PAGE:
There are well-established programs all over the world for the teaching of second or foreign languages. Some are intensive and some are semi-intensive. The first requires five hours of instruction a day. The latter two and a half hours a day, both five days in the week. I obtained a working knowledge of Japanese in three months – actually ten weeks of instruction under the intensive program in Japan. But never succeeded in learning Sinhalese all my life in spite of sporadic attempts. In Japan it was absolutely necessary, but also culturally fulfilling. Here it was a humiliation, which was heightened by the pinpricks and insults.

I may add that somewhere in the sub-conscious there is a mental block in learning Sinhalese as far as I am concerned and perhaps many others. The earlier generations at least picked up the spoken version without consciously learning it.. With apologies to the Biblical saying and in its reversal, it is a case of where the spirit is weak, but the flesh is willing. Those who have succeeded in learning the language did so simply to survive in their jobs, while all the while they had nothing but contempt for Sinhala Only. I doubt whether they read Sinhala novels or watched the better Sinhala movies. The cultural dimensions and its appreciation never surfaced.

The Tamil Diaspora

One of the effects of Sinhala Only was the beginning of the Tamil Diaspora. The first generation of those who left was almost all professionals and they did so in the 1950s – to the late 70s. They laid the foundations for Tamil nationalist activities especially in the UK, Australia, Canada and the USA. Those who went to Malaysia and Singapore in alliance with a much earlier second and third generation descendants of migrants strengthened and rejuvenated the Ceylonese Tamil presence in these countries. In contrast to the ‘Indian Tamils’ whose presence in these two countries was numerically large, the Ceylon Tamils were a minuscule group that was getting assimilated or frustrated with their third class status in Malaysia were migrating to the western world, Australia and New Zealand included. But Sinhala Only and the subsequent anti-Tamil pogroms and the militant fight back by the Tamils here enhanced their pride and reinforced their identity – even that of the Indian Tamils. Prof. Ramasamy, the most prominent public profiled supporter and advocate for the LTTE is of Indian origin.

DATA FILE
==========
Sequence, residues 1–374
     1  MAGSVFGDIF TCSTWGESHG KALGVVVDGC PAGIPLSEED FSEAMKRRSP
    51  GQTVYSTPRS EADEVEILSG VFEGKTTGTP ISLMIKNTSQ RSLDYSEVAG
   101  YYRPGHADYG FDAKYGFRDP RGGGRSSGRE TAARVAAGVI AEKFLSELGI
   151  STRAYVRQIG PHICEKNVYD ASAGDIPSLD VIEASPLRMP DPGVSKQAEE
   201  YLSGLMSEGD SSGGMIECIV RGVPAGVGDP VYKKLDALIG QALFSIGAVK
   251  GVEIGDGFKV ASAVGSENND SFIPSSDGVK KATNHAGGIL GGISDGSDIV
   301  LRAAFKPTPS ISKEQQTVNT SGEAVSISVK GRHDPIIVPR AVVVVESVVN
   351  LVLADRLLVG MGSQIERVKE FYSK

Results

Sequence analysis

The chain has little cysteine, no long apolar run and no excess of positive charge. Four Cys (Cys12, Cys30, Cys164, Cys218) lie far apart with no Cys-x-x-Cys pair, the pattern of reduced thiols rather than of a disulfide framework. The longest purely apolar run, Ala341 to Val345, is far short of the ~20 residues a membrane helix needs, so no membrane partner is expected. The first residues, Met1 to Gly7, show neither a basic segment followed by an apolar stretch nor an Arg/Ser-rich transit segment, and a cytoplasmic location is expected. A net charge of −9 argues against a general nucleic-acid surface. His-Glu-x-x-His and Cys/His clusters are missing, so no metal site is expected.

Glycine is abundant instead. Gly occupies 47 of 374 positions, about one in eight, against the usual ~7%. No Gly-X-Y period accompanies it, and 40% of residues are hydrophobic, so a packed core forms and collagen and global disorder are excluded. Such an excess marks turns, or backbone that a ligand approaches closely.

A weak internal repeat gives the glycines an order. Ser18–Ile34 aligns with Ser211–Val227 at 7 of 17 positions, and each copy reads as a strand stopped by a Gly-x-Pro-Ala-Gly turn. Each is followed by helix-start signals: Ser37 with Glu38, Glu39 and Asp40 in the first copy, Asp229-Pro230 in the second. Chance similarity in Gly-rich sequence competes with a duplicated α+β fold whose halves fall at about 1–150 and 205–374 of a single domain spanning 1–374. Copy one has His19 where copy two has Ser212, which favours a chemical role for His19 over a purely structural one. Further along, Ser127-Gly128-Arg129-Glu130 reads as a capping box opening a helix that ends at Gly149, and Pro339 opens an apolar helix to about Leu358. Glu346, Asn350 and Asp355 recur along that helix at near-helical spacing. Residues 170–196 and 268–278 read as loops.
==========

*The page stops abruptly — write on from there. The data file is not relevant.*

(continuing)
Today the words of Subramaniya Bharathi have been fulfilled but possibly not exactly in the way he as an all-India nationalists and anti-imperialists would have envisaged. He wrote in one of his poems “ulahellam Tamil valara vendum” (that Tamil should flourish all over the world). In some of the cities of Canada, UK, and Australia and in several European states Tamil is spoken, Tamil newspapers and radio programs are popular and in some cases slots on TV are available. Shops with a wide selection of Tamil books and DVDs and audio and videotapes, far more than we have in this country are available globally. Several Tamil websites are based in these countries. Saivite temples and Tamil churches have been founded, and provide rallying grounds for cultural and social activities.

The Roja Muttiah Library in Chennai is retrieving rare books, newspapers, and manuscripts and preserving them on microfilm and CDs. I was told on a visit to this impressive library that Lankan Tamils ran more than 80 per cent of the Tamil Websites on the Internet. These websites had made a major contribution to collecting and disseminating literary, social and cultural material. Contrary to popular perceptions they are not obsessed exclusively with politics. Thanks to Sinhala only something is happening globally to promote and advance Tamil studies. A department of Tamil Studies will soon be opened in the university of Toronto. A private University has been established in Northern Malaysia by the Indian community, which are predominantly Tamil, and obviously Tamil studies finds a prominent place there. Most of these initiatives are by private individuals without state support. Here in this country we depend too much on state patronage. While the Tamils remain a marginalized, deprived and discriminated against nationality in this country, there is a great revival and advancement of the Tamil language taking place abroad led by the Ceylon Tamil Diaspora – ironically thanks to Sinhala Only in 1956.


Delivered at the Seminar at the EISD on 3 December 2006